If any episode of season nine thus far is going to get Larry David in hot water, it’s “Thank You for Your Service.” Though even before L.D. flubbed his first encounter with Sammi Green’s war-vet fiancé, tensions were already boiling over at the golf club. Larry, apparently not satisfied with his recent kitchen-disturbance fiasco, walks right into a communicative Bermuda triangle with the club’s chef (Jordan Black) and one of its servers (Neil Casey). Somehow, he escaped without grossly aggrieving any key parties, but the shenanigans did bring two central issues to fore: Whether it’s permissible to request a special entrée be prepared distinctly from how its creator intended (in this case, broiled sole as opposed to sautéed), and the literally unspoken semantics that separate approving from disapproving facial gestures. Or as Larry clinically assesses this quandary: “That a face?”
A universally accepted solution to that first scenario is, typically, order the meal how it’s offered. But as is his wont, Larry flouted convention rather than, say, ordering the flounder instead. Ergo, he and the waiter find themselves entangled in an escalating volley of muted tics to deconstruct whether dining etiquette had been breached. The results are inconclusive, but at least when it comes to fish, these are fairly low stakes.
The same cannot be said of Larry’s botched first date with female letter carrier Jean (The League and Legion’s Katie Aselton). She’s not exactly turned on by his curmudgeonly carping about whether she’s at fault for failing to “beckon” him through the darkness at their screening of The Goat of Cadiz, but is basically repelled by his pleas to “reset” their relationship so his mail gets delivered with minimum awkwardness. Her parting glance isn’t exactly a solid tell (at least he came clean that Shacucus was neither a real holiday nor spontaneous flash of wit), and all Larry can do is fret when his parcels and packages fail to arrive for the next several days.
As he relays to Leon, this is a matter of social life and death. He’s expecting the latter from club owner Mr. Takahashi (Dana Lee, back for the first time since losing his precious swan in season seven) determining his immediate status on the links. Takahashi took it awfully personally when Larry insulted fellow golfer Ken (Andrew Secunda) by remarking that he and his wife Shannon’s (Shelly Slocum) baby “looks a little Asian.” Takahashi’s involvement was curious enough that, ordinarily, Larry might have stared him down with a suspicious leer. Alas, the last thing he expected was that Shannon and Takahashi were playing footloose behind Ken’s back, and that his eye for spotting infants with interracial features was spot-on. It’s a rare moment of vindication, sweetened by the fact that chatty club parking-lot attendant Sal (Murphy Brown’s very own Joe Regalbuto), whose mouth Larry deems to be teeming with “bullshit and drivel,” has been supplanted at his post by affable Randy. It is the coveted reset, twice over.
It is, unsurprisingly, a short-lived victory. And it is, without fail, Larry’s fault. After offending Sammi’s husband-to-be Victor and the entire Greene family by failing to thank the ex-soldier for his service, Larry makes amends by bringing Victor to a simulation of actual life and death — a Revolutionary War reenactment. In fairness, neither Larry nor Jeff considered how this might trigger some post-traumatic stress for poor Victor, who has yet to experience any symptoms since coming home. That changes mighty fast once a vengeful Sal starts firing real cannonballs in their direction — yes, this all plays out as absurdly and convolutedly as it sounds — and a bit later when Victor mistakes valets for Revolutionary redcoats and flies into a rage.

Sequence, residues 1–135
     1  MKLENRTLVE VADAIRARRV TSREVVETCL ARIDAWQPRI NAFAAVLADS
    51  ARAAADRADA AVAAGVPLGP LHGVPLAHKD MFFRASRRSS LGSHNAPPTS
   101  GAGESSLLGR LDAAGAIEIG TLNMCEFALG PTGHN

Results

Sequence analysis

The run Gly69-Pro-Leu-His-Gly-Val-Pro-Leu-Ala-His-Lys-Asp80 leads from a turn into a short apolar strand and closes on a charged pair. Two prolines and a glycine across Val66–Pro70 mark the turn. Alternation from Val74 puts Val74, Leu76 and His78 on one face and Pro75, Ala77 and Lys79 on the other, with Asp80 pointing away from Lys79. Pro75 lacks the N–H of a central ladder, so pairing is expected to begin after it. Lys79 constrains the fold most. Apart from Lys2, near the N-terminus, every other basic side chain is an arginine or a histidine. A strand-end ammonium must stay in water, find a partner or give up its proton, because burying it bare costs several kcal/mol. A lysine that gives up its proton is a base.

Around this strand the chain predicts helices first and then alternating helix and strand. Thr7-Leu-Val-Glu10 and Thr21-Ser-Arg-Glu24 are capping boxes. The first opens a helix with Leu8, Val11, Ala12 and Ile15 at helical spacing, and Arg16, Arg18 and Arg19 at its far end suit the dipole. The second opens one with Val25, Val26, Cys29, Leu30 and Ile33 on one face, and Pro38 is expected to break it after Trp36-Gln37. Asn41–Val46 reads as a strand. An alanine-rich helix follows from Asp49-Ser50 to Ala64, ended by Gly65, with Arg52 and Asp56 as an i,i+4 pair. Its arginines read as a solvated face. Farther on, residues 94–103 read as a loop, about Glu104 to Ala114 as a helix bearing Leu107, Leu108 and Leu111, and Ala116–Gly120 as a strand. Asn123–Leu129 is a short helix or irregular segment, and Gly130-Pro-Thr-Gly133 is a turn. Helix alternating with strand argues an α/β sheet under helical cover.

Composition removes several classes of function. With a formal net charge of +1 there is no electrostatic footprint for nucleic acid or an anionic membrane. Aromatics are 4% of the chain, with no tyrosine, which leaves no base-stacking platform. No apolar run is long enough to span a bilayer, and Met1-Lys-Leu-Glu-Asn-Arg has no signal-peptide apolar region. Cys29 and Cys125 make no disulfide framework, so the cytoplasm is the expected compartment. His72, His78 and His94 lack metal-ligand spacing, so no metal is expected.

Curb’s ninth season continues hopscotching around various topical soft spots from past and recent present, and “Thank You for Your Service” even reaches back to the 18th century for reference. That doesn’t mean some viewers, or those who hear second hand of tonight’s closing minutes won’t find it indiscreet, just as there were doubtless plenty appalled when season four’s “The Survivor” measured Holocaust trauma against the modern world’s fixation with televised endurance competitions. But if either or both rubbed you the wrong way, make sure to let Larry know with an unequivocal eye roll and wholehearted horse whinny.
Apart From All That
• Between Larry’s NYC maps and Brooklyn Bridge portrait, mention of his childhood building, and Richard Lewis’s Light of New York coffee-table book, looks like somebody’s homesick.
• Love that Larry fulfilled his own wish of “ill things” on Sal.
• I knew Ken’s reaction seemed a bit too defensive.
• What, your mother or grandmother didn’t walk around in a schmatta?
• Does one even need context for, “Are you making up this story to me about fucking a garbage woman?”
• Incidentally, this isn’t the first time Larry set himself up for disaster by trusting a server to gauge the chef’s flexibility.
• Nor is it the first occasion of Larry dazzling by tossing fruit in his mouth.
• Maybe Larry and Jean should have seen Alone in Paris instead.
• At least Leon got his CD-of-the-month purchase.